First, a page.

Whitehall staffing cuts add to digital skills shortages and risk increased costs
13 September 2023
- Government estimates it has under half the number of digital, data and tech professionals it needs
- PAC calls for digital responsibilities of most senior officials to be formal part of appointment
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Digital skills shortages in the civil service are likely to see increased risks and costs to Government. In a report published today, the Public Accounts Committee (PAC) finds that a lack of digital expertise means Whitehall is unable to genuinely transform its services, and can only make incremental upgrades. This risks increased costs in the long run, with Government continuing to run its services on ageing legacy systems.
The number of digital, data and technology professionals in the civil service is around 4.5%, according to Government estimates. This is less than half the number it needs when compared to an equivalent industry average of between 8% and 12%, meaning this number will need to double. However, pay constraints mean that Government departments are unable to fully compete with the private sector in hard-to-recruit roles. The PAC’s inquiry heard of particular shortages of cyber security experts, whose skills command a premium.
The PAC was disappointed to learn that some digital skills shortages are self-inflicted through counter-productive staffing cuts. Digital headcount has been rationed in Government departments – against the backdrop of a struggle to recruit and retain the necessary skilled people in a drive to double the civil service’s digital workforce.
Only 10 of government’s ‘top 75’ services are at a ‘great’ standard and 45 require significant improvement, when assessed for how easy they are for people to use and how efficiently departments are providing them. Services often lack a single point of accountability in a senior owner who could provide transparency on efficiency and effectiveness. The PAC’s report calls for Departments to identify a suitably senior and experienced single owner for each government service.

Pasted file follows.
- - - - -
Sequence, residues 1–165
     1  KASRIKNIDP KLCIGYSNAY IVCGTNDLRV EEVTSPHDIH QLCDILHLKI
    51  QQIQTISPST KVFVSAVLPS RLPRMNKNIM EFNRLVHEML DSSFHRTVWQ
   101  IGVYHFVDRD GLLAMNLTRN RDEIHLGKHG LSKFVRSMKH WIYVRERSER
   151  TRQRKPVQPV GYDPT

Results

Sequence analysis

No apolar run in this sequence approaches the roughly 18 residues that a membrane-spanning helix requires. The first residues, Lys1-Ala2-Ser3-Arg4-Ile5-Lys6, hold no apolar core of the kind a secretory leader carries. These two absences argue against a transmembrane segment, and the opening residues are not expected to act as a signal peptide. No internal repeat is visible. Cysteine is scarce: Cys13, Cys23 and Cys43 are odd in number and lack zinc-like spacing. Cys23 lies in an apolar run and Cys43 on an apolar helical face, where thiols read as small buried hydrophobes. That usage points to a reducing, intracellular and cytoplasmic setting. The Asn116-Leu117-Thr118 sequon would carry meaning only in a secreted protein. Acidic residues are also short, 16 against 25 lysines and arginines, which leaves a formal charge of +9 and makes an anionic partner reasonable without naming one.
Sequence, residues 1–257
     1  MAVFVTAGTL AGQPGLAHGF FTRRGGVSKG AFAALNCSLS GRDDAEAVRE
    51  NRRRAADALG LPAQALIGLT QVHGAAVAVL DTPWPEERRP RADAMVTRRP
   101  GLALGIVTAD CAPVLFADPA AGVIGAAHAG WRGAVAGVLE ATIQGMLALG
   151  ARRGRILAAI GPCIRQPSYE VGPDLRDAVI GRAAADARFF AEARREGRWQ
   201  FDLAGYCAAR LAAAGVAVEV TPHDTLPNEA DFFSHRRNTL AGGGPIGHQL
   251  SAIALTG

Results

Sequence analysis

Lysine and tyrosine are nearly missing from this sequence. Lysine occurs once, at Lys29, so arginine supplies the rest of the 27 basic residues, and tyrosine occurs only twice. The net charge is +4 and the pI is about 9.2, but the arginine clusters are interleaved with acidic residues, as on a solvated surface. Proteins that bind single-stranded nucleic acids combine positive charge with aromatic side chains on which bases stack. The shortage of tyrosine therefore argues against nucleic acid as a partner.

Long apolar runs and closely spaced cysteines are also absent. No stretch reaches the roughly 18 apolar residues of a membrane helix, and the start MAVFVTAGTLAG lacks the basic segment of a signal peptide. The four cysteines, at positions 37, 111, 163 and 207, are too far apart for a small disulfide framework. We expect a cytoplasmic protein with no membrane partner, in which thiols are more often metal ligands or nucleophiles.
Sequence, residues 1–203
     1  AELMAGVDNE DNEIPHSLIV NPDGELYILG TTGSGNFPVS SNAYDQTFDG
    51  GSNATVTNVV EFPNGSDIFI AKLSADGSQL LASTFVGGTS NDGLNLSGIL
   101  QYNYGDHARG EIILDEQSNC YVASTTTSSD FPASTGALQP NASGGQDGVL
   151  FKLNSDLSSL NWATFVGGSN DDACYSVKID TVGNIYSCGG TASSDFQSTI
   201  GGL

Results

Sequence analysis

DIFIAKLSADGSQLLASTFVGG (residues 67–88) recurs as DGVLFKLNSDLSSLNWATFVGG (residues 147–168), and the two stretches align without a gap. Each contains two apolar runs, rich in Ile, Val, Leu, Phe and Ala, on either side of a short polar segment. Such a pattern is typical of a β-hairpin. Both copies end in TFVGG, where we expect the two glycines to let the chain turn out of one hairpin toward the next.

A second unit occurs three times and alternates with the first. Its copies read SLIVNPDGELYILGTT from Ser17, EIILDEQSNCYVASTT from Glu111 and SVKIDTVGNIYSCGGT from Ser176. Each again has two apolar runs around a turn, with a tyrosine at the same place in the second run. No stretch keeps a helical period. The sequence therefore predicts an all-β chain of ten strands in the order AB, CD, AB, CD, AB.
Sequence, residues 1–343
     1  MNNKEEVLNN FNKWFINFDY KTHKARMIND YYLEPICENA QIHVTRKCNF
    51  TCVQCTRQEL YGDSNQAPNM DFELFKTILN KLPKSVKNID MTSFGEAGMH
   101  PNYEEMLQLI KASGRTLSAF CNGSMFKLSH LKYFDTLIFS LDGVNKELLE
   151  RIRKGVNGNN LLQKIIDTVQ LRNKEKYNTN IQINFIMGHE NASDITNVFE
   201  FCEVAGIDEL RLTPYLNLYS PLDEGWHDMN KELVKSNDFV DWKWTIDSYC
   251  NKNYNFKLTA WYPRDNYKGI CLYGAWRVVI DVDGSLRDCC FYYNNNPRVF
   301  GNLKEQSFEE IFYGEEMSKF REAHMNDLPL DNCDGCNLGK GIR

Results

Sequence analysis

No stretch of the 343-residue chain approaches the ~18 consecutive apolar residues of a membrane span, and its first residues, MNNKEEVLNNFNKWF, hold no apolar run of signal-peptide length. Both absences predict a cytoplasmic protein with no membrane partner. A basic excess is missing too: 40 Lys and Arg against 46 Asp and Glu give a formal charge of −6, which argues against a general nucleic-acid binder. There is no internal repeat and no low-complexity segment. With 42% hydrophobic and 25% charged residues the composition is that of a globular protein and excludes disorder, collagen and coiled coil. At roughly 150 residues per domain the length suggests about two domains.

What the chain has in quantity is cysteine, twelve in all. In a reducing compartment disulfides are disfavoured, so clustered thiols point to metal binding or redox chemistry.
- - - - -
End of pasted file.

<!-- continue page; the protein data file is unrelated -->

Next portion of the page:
A surprising finding of the PAC’s inquiry, given the importance of digital to a modern civil service, was that the requirement for senior generalist leaders to have a better understanding of digital business has not been formalised. The PAC recommends that digital responsibilities, such as improving digital services and addressing the highest risk legacy systems, should be included in letters of appointment at the most senior levels in all departments.
Dame Meg Hillier MP, Chair of the Committee, said:
“One of the hallmarks of the Digital Revolution has been rapid and accelerating change. Our inquiry has found that Whitehall’s digital services, far from transforming at the pace required, are capable of only piecemeal and incremental change. Departments’ future-proofing abilities are hobbled by staff shortages, and a lack of support, accountability and focus from the top. In particular, a lack of cyber-security experts should send a chill down the Government’s spine.
The Government talks of its ambitions for digital transformation and efficiency, while actively cutting the very roles which could help achieve them. Our inquiry leaves us unconvinced that these aims will be achieved in the face of competing pressures and priorities. Digital must not be treated merely as a sideline, but must sit right at the heart of how Government thinks about delivery. Without swift and substantial modernisation, opportunities to improve services for the public will continue to be lost.”
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